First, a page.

Since 1989, the central government has spent close to Rs.7000 crore for Security Related Expenditure (SRE) which comprises expenditure for police security as well as relief and rehabilitation of victims and migrants due to millitancy


While the general impression is that the former United Progressive Alliance government ignored the plight and problems of the Kashmiri migrants to Jammu and other parts of the country, Right To Information reveals that the special central government funds allocated/reimbursed to Jammu & Kashmir government for expenditure related to rehabilitation of migrants dominates the Security Related Expenditure (SRE), meant also for police security related expenses.
As per the Home Ministry website, nearly Rs.7,000 crore have been spent since 1989. It states: “Since the inception of SRE scheme in 1989, the Government of India has reiumbersed/released Rs4596.82 crore under SRE (Police) and Rs2376.53 crore under SRE (Relief & Rehabilitation) to Government of J&K upto 20th June, 2014.”
As per the RTI reply received by RTI activist and research scholar Venkatesh Nayak, during the period of April 2013 and October 2014, out of the Rs.600 crore spent, both for police security and rehabilitation of migrants, Rs206.76 crore was spent on Kashmiri migrants. Nayak says, “this is a third of the total SRE spend on both police and R&R taken together. During the first 7 months of the financial year of 2014-15, the amount was Rs109.73 crores. That makes it a little less than 30%. The spending may go up by the end of this financial year.’’ The names of beneficiaries of this scheme have not been pro-actively disclosed disclosed by the Government of J&K under Section 4(1)(b) of the J&K RTI Act, rues Nayak
As against money spent on Kashmiri migrants, around Rs.145 crore were spent on Special Police Officers (SPOs) and Rs76 crore was spent on security work undertaken by police. No money was spent on security in jails, while air-lift rescue operations during J&K floods have not been included in this expenditure.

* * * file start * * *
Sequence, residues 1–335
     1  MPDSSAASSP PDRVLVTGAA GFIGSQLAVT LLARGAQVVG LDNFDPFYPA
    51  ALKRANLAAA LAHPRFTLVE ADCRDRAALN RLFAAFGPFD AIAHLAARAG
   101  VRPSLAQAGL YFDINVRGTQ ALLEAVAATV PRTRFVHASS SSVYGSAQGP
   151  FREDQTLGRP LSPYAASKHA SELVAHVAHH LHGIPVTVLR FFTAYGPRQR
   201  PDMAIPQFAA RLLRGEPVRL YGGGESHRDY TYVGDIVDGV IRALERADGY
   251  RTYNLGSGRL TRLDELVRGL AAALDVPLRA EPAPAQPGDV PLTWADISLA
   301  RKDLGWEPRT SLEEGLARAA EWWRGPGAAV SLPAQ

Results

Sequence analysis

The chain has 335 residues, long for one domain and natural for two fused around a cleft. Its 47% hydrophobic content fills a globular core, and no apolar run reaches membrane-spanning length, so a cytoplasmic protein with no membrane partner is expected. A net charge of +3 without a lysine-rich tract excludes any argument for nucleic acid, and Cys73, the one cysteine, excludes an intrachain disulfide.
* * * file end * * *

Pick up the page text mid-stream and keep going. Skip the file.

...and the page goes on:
On the 1st of December 2014, Nayak had asked for the following information under RTI, from the Ministry of Home Affairs, as a non-resident of J&K is not permitted to file RTI application in the state:
A clear photocopy of all communications received till date by your ministry from Jammu & Kashmir in relation to notifications issued by that government under the Section 3 of the Armed Forces Special Powers Act, 1990.
A clear photocopy of all responses sent by your ministry, till date, in relation to all the said notifications
A clear photocopy of all documents, records and papers submitted by the Government of Jammu & Kashmir during the period 1 April 2013 to 30 November 2014 for seeking reimbursement of expenditure incurred under the Security Related Expenditure (Police) implemented by your ministry and;
A clear photocopy of all documents, records and papers submitted by the Government of Jammu & Kashmir during the period 1 April 2013 to 30 November 2014 for seeking reimbursement of expenditure incurred under the Security Related Expenditure (Relief and Rehabilitation) implemented by your ministry
Based on the information, Nayak also culled the following points:
Relief for rehabilitation of widows and orphans costed Rs2.9 crores in 2013-14 and Rs1.14 crores during the first 7 months of the current financial year. I presume these are for the non-migrant Kashmiri families but cannot be sure. RTI activists must demand proactive dislcosure of the names of these beneficiaries as well under the J&K RTI Act